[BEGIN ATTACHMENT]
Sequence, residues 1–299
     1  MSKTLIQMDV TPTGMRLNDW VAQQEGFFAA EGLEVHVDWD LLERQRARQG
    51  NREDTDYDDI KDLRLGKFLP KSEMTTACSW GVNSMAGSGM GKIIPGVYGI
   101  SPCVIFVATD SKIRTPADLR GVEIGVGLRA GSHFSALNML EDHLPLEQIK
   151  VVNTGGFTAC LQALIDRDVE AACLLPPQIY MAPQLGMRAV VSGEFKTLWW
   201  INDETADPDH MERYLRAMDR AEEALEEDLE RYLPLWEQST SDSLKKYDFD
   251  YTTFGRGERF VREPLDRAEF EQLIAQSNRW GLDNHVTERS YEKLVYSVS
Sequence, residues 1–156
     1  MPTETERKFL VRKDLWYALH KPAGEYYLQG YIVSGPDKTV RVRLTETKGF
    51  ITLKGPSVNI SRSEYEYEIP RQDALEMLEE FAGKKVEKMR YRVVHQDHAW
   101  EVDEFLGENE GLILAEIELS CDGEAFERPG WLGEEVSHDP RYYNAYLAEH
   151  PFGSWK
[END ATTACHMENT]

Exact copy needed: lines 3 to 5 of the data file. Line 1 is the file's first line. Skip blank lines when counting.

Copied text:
    51  NREDTDYDDI KDLRLGKFLP KSEMTTACSW GVNSMAGSGM GKIIPGVYGI
   101  SPCVIFVATD SKIRTPADLR GVEIGVGLRA GSHFSALNML EDHLPLEQIK
   151  VVNTGGFTAC LQALIDRDVE AACLLPPQIY MAPQLGMRAV VSGEFKTLWW